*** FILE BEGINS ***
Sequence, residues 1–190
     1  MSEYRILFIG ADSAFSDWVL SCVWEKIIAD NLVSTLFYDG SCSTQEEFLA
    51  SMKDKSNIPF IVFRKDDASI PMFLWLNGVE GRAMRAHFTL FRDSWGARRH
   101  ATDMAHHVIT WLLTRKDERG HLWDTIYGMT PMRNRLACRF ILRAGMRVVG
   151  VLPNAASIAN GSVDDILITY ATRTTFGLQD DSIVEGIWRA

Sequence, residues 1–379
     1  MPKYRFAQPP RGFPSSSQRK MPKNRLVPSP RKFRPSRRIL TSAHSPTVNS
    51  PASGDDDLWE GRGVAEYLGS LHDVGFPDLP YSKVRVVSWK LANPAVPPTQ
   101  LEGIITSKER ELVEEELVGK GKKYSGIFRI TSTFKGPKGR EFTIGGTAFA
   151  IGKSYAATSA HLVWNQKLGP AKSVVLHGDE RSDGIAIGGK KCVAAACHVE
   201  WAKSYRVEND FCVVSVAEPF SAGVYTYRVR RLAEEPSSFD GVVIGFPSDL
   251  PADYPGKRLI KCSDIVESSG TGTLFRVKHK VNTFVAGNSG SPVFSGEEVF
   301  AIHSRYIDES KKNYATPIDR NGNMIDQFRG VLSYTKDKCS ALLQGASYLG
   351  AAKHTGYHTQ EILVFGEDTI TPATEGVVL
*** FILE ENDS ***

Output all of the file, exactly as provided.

Sequence, residues 1–190
     1  MSEYRILFIG ADSAFSDWVL SCVWEKIIAD NLVSTLFYDG SCSTQEEFLA
    51  SMKDKSNIPF IVFRKDDASI PMFLWLNGVE GRAMRAHFTL FRDSWGARRH
   101  ATDMAHHVIT WLLTRKDERG HLWDTIYGMT PMRNRLACRF ILRAGMRVVG
   151  VLPNAASIAN GSVDDILITY ATRTTFGLQD DSIVEGIWRA

Sequence, residues 1–379
     1  MPKYRFAQPP RGFPSSSQRK MPKNRLVPSP RKFRPSRRIL TSAHSPTVNS
    51  PASGDDDLWE GRGVAEYLGS LHDVGFPDLP YSKVRVVSWK LANPAVPPTQ
   101  LEGIITSKER ELVEEELVGK GKKYSGIFRI TSTFKGPKGR EFTIGGTAFA
   151  IGKSYAATSA HLVWNQKLGP AKSVVLHGDE RSDGIAIGGK KCVAAACHVE
   201  WAKSYRVEND FCVVSVAEPF SAGVYTYRVR RLAEEPSSFD GVVIGFPSDL
   251  PADYPGKRLI KCSDIVESSG TGTLFRVKHK VNTFVAGNSG SPVFSGEEVF
   301  AIHSRYIDES KKNYATPIDR NGNMIDQFRG VLSYTKDKCS ALLQGASYLG
   351  AAKHTGYHTQ EILVFGEDTI TPATEGVVL